So on a lunch break from painting, I went out to grab some lunch and a cup of coffee. I stopped by a Starbucks in Edmonds for a tall Americano. The barista asked if I wanted to try a cup of coffee brewed with the new Clover machine instead. I had heard about this high tech machine that brews a single cup of coffee much like a french press only better. What the heck, why not.
You choose from five different types of exotic sounding beans from a little menu describing their flavor notes. I think I picked an Ecuadorian coffee which was supposed to have hints of chocolate. When she rang me up, I found out it was $3.45 (I managed to pick the most expensive beans). She asked if I had seen the machine in action. No, let's check it out.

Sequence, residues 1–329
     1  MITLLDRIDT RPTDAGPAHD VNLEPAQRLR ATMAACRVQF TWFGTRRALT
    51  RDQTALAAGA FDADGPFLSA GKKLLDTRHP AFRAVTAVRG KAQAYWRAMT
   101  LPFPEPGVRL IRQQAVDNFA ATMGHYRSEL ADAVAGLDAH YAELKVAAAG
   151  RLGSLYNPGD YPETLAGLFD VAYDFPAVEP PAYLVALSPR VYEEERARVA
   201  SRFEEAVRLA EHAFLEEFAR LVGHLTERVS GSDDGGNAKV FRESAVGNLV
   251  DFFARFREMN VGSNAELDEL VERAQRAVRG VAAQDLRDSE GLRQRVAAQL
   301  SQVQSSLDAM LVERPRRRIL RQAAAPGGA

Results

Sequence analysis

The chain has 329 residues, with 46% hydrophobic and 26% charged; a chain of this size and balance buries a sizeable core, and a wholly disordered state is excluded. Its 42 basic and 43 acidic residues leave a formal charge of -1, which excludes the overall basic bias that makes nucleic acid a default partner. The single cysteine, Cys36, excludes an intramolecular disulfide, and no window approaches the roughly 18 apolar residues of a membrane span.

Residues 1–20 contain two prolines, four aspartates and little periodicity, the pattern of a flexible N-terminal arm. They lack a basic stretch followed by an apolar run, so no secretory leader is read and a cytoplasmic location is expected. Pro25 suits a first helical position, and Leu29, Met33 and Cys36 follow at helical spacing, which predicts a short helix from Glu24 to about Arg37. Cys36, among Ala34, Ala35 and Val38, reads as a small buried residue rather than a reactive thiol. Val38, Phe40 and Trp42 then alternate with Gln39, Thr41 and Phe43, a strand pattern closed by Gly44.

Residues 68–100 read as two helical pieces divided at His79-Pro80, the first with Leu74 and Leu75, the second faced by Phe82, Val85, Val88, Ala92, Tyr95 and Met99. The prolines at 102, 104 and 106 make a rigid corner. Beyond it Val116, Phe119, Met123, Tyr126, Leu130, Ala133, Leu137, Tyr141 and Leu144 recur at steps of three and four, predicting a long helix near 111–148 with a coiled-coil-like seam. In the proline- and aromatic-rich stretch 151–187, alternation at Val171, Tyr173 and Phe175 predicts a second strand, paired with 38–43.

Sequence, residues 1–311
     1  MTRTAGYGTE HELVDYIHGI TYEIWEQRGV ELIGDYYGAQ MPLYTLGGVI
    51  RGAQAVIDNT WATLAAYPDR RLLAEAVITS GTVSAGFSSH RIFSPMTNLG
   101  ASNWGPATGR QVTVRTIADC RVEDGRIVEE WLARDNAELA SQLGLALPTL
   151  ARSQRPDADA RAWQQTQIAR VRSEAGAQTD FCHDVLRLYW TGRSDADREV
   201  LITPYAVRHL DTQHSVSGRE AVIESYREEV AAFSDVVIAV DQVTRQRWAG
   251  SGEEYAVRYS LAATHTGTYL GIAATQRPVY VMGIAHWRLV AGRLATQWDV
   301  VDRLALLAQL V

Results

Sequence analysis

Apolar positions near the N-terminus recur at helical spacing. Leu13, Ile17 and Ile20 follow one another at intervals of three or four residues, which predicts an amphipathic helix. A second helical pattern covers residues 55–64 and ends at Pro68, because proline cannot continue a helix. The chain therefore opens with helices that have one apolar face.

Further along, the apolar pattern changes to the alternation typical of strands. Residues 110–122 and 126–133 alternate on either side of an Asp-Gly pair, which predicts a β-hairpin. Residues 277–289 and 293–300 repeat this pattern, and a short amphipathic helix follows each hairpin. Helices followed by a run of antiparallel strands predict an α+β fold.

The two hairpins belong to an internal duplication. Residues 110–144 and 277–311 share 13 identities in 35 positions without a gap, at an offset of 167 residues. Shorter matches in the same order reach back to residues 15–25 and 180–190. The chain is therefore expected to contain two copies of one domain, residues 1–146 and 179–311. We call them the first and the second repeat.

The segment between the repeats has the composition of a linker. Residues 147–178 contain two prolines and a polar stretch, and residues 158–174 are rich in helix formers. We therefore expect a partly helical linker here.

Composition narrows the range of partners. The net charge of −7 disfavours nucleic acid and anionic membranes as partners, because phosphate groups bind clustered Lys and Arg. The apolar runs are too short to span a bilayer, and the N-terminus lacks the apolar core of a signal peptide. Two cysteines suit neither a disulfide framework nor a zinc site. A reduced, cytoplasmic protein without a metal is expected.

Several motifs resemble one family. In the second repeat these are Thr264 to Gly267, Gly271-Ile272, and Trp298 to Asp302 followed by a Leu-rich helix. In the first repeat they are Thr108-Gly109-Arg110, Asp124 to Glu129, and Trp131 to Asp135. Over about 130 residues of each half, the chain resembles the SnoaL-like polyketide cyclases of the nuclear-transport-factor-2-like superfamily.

Here is the machine:She had a different barista make the cup of coffee (a specialist no doubt). He measured out the beans on a digital scale, adding or subtracting a bean before he got it just right. After freshly grinding the beans, he dropped them into the circular opening on top of the machine.
As hot water poured out from the spigot, the circular opening dropped like a piston. He stirred the grounds and water mixture for a bit, and it steeped for about 30 seconds. Then the piston pushed back up as a vacuum sucked the coffee down through the mesh opening in the piston. The grounds were pushed up to the top of the machine in the shape of a hockey puck which he swept off with a squeegee.
After all this, how was the cup of coffee? Quite good actually. Probably not $3.50 good, but what cup of coffee is? Watching the machine in action was probably worth the price of admission though. I can totally appreciate Starbuck's goal of producing a truly high quality cup of coffee, and I might even splurge for one once in a while. But like a nice bottle of wine is a treat, I'm more likely to turn to 3 buck Chuck most of the time.